Buying a Home on a Land Contract or Private Mortgage

Discussion in 'Stock Market' started by Madeline, May 13, 2010.

  1. Madeline
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    Madeline BANNED

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    Please note: My apologies if this is in the wrong Forum. I didn't see one for General Finance questions.

    A land contract works like this: you and I agree I will buy your property (real estate). I make payments to you monthly for, say, 20 years. At the conclusion of the payment period, I get title to the property...not before. (There are certain legal protections for people who have paid on a land contract for many years and then make a late payment, etc. The law will eventually recognize and protect some degree of rights in the buyer even though title has not passed.)

    A private mortgage is done very similarly to a commercial mortgage. We agree on the terms, including any down payment and closing costs, and I buy the property at a closing now. However, there is no bank, because you, the seller, hold the mortgage. In this situation the seller would have to foreclose to get the property back if the buyer failed to pay, and the buyer could take tax deductions, etc. for his mortgage interest expense. (In general...the actual application of the law to a specific set of facts would have to be sifted over to determine.)

    In a healthy real estate market, there are no sellers willing to do a deal involving either a land contract or a private mortgage. Who wants 20 years of worry and business from a deal that can be closed today? The commercial mortgage, or "three way deal" is far superior for the seller.

    But this is not a healthy real estate market. As people inherit property in Cleveland and its surrounding area, some owners with 100% equity in their homes might welcome a buyer who wanted to buy using private financing because it at least gets them SOMETHING from the house, and alleviates their burdens to pay taxes, maintenance, etc. (I doubt any seller whose property is encumbered by a commercial mortgage has the legal right to do a sale on private financing, but to be honest, I'm not certain.)

    For the buyer, SOME closing costs would be avoided. I think it'd be best to go ahead and buy title insurance in every case. But you would not have to have a home inspection (though you might want one), the seller would not have to make repairs just because the mortgage lender required them (e.g., you cannot sell a home with pealing exterior paint to anyone buying with a Fannie Mae mortgage.)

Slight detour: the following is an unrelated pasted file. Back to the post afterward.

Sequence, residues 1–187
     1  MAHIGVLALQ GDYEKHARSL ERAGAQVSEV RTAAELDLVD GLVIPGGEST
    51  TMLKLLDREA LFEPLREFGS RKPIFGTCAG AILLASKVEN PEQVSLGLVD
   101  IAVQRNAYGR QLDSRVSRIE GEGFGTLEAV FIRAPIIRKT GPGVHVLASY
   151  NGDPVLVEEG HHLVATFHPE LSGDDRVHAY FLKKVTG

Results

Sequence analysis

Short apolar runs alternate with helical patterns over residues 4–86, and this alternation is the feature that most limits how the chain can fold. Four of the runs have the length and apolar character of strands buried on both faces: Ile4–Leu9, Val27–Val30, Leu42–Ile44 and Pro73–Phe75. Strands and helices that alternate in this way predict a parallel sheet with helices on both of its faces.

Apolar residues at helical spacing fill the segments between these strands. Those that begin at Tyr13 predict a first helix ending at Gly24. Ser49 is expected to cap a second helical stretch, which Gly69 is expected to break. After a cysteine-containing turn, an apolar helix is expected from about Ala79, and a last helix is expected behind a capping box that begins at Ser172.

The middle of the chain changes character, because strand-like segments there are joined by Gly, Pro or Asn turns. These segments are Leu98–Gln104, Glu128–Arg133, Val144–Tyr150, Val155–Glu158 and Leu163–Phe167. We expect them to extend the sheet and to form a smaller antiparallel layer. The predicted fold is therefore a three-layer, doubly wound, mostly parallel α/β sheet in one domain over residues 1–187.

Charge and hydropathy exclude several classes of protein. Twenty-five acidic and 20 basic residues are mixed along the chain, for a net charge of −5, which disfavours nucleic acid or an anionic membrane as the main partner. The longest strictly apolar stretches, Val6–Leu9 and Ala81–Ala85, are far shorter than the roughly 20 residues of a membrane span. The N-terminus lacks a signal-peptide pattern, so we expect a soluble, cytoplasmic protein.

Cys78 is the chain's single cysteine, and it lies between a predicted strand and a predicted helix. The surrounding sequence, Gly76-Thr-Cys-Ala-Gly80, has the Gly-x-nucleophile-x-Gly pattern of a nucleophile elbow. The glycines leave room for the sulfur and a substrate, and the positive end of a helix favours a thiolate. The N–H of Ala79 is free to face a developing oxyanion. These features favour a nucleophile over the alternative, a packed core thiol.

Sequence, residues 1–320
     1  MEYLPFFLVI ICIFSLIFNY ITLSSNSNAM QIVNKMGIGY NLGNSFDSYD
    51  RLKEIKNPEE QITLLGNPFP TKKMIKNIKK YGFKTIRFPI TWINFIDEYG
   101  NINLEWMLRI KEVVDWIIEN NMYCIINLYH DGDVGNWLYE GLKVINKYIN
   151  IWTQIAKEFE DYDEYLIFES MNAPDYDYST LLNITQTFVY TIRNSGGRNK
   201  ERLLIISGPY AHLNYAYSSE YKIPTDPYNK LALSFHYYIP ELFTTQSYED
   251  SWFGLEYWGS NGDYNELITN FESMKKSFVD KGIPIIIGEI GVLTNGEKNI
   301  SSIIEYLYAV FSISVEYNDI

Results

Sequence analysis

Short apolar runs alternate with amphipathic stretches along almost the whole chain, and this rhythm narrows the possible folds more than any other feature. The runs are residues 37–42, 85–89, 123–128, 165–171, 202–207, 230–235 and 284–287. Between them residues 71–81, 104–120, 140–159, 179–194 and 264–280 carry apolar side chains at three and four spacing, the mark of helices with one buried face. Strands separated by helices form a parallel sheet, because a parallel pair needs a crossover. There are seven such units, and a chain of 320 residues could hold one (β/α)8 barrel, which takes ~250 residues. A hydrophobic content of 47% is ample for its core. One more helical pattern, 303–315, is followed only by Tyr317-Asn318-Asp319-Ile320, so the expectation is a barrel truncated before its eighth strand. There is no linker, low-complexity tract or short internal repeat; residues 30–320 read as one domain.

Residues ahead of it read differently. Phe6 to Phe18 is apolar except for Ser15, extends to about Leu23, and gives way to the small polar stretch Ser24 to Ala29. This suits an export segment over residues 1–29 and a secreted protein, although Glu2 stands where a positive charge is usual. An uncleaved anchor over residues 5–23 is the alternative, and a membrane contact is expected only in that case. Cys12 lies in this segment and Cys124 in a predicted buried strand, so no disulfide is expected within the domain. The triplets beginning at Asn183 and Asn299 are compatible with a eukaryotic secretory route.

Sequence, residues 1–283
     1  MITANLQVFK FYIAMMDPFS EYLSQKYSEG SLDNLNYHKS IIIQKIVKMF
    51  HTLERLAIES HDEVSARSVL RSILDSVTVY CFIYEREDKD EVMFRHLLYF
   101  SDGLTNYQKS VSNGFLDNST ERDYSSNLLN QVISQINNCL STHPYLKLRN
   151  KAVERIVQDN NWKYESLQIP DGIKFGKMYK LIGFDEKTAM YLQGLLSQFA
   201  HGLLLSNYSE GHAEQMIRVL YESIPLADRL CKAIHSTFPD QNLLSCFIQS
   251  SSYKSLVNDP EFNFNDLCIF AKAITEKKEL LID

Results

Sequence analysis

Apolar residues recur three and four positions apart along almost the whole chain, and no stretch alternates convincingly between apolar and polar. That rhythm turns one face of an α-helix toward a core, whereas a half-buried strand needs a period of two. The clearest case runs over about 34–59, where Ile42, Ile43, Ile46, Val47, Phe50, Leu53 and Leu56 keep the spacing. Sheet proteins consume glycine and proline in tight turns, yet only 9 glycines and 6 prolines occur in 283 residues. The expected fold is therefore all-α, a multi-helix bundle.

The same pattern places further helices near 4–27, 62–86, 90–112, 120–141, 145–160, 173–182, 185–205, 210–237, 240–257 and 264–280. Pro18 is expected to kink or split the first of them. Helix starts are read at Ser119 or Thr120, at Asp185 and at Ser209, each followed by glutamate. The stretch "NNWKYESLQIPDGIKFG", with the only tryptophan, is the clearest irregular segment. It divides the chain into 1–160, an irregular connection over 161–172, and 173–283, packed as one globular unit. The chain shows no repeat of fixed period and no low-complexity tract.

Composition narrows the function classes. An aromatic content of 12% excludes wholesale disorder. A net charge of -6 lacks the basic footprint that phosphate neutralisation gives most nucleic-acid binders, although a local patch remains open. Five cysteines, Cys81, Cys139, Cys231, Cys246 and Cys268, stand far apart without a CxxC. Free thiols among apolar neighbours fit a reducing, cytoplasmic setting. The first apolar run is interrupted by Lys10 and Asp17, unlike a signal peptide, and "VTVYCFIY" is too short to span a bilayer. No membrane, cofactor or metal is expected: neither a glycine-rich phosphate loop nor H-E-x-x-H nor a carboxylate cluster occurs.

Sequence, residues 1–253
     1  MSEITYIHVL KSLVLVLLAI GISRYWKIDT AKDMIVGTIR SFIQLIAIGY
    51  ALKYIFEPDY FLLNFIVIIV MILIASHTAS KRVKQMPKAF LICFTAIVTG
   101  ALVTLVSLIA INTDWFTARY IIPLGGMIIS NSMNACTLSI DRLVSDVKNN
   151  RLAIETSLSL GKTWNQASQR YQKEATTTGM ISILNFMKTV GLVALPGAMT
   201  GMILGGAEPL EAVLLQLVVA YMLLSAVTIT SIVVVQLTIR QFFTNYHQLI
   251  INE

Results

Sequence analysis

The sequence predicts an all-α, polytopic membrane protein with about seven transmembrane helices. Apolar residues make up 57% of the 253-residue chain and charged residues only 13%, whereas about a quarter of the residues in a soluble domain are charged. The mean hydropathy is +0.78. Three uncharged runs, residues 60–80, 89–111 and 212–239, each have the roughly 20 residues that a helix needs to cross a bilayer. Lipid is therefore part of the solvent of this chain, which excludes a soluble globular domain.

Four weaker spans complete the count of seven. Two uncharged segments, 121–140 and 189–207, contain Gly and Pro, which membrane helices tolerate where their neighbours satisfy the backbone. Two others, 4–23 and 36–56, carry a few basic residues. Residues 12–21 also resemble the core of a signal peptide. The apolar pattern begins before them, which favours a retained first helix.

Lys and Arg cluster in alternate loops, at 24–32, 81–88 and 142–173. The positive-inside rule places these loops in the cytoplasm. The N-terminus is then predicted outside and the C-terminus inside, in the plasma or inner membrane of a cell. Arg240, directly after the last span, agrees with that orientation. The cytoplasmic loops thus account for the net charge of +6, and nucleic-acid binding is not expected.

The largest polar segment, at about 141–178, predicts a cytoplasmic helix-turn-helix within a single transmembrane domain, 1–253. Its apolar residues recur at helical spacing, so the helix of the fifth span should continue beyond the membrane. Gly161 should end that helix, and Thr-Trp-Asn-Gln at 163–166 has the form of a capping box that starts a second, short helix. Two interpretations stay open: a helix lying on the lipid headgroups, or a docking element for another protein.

Buyers with sub-par credit ratings could buy. Credit worthiness and credit scores are not as inextricably linked as commercial banks would have us all believe. If the seller could find a sufficient degree of comfort that the buyer would be able and willing to pay, it might be rational and reasonable for him to sell -- as that buyer is the only game in town.

    There are dozens of empty properties in my neighborhood and the adjoining suburbs. These are cute little homes I bet I'd like owning, and there'd be no real up-tick in my expenses...I pay virtually all the costs of maintenance on my townhome now. It is even possible, though I have not looked, that the ginormous tax breaks for home buyers would be available on a home sale involving private financing.

    My question is, does this seem workable? And if so, how do I find the potential sellers here? I have pondered on this for a few months, and it seems a bit aggressive to me -- but still possible. Am I being fanciful, or could this sort of deal happen? I know these sorts of deals occurred during the Recession of the 1970's, but I didn't know the details of any of them at the time.

    What say you?
    _________________
     
  2. Rocky Top Lady
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    Rocky Top Lady Life is Good!

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    Most importantly, speak to a real estate attorney before you do any purchase contracts. Be sure the properties have clear titles and appraise for at least the amount you are contracting for, and have a cushion for unexpected repairs and/or damages by tenants. Sellers can be found by courthouse records, again the title company or real estate attorney can assist with this information.